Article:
New York’s Clean Slate Act, pending in 2022 in the New York legislature as S1553C/A6399B, proposes to automate the sealing of criminal records that meet certain conditions. Applying the Act’s provisions to a sample of criminal histories of individuals applying for gig worker jobs, we estimate the share and number of New Yorkers with convictions who would be eligible for Clean Slate automated sealing. In addition, we estimate the aggregate annual earnings loss to the state associated with this “Clean-Slate eligible” population and how long it would take for this population to get relief under current, petitions-based methods. We also estimate the uptake rate of petition-based sealing under New York’s current sealing statute, C.P.L. 160.59.
We find that approximately 60% of the people in our sample would be eligible for Clean Slate automated sealing and that, over time, the vast majority would become available, with about 2% of our sample disqualified due to sex offenses. Extrapolating this share to the estimated number of people with convictions in the state of New York (2.3M), we estimate that at least 1.4M people would be eligible for automatic records sealing pursuant to the Clean Slate Act at the time it went into effect. The estimated annual earnings loss to the state associated with this population is $7.1B dollars. According to official state records, from October of 2017 through Oct 2021, 3,218 people have sealed their records pursuant to C.P.L. 160.59. 1,175 people did so in 2019. Based on our calculations, this represents an uptake rate of 0.3% of currently available petition-based sealing under C.P.L. 160.59 and a rate of sealing that would require ~1200 years to clear by petition the records that would be eligible for Clean Slate automated sealing.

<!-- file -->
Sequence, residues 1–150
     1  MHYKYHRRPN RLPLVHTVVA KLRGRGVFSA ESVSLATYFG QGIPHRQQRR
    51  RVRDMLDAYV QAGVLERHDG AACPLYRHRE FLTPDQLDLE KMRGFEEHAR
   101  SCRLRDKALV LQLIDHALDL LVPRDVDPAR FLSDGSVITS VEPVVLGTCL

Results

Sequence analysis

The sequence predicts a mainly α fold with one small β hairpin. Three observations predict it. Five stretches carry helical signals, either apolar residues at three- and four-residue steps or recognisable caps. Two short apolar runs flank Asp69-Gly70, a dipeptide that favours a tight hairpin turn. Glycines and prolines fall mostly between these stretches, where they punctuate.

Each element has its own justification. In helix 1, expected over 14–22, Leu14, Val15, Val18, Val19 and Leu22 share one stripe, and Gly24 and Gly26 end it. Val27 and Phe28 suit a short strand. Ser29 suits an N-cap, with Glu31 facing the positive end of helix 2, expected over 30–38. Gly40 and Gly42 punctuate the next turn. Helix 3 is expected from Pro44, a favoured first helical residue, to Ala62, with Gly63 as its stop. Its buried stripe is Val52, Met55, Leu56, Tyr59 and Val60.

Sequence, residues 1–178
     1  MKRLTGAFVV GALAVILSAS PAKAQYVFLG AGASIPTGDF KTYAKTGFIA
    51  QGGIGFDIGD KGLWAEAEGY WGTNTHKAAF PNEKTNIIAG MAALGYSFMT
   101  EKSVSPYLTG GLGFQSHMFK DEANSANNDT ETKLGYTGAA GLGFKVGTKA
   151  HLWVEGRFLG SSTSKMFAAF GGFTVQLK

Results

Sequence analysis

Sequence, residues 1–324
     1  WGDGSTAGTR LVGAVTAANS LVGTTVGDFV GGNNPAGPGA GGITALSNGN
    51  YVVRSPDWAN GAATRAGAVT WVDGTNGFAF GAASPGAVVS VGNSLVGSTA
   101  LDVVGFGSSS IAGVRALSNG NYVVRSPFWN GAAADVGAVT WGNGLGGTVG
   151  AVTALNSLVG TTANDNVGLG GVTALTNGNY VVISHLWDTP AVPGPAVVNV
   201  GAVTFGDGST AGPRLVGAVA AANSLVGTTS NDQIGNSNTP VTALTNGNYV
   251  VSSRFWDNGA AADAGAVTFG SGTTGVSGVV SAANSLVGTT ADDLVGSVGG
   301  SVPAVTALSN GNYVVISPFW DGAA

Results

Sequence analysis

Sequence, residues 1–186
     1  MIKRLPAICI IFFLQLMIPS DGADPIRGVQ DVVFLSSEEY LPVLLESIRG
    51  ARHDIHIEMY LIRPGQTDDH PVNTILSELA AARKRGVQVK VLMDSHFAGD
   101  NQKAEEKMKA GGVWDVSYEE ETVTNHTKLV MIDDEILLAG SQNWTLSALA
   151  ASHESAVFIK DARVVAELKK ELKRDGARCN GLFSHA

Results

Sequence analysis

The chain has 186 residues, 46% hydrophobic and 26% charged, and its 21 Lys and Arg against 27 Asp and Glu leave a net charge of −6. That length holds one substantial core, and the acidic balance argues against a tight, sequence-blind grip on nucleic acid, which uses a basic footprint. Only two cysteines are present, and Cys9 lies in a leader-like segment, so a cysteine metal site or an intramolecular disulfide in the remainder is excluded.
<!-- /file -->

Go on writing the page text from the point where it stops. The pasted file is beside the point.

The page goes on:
Colleen Chien, Navid Shaghaghi, Hithesh Bathala, Sarah-Mae Sanchez, and Evan Hastings,
The Estimated Size and Lost Earnings of New York’s Second Chance Sealing Gap
Available at: https://digitalcommons.law.scu.edu/facpubs/996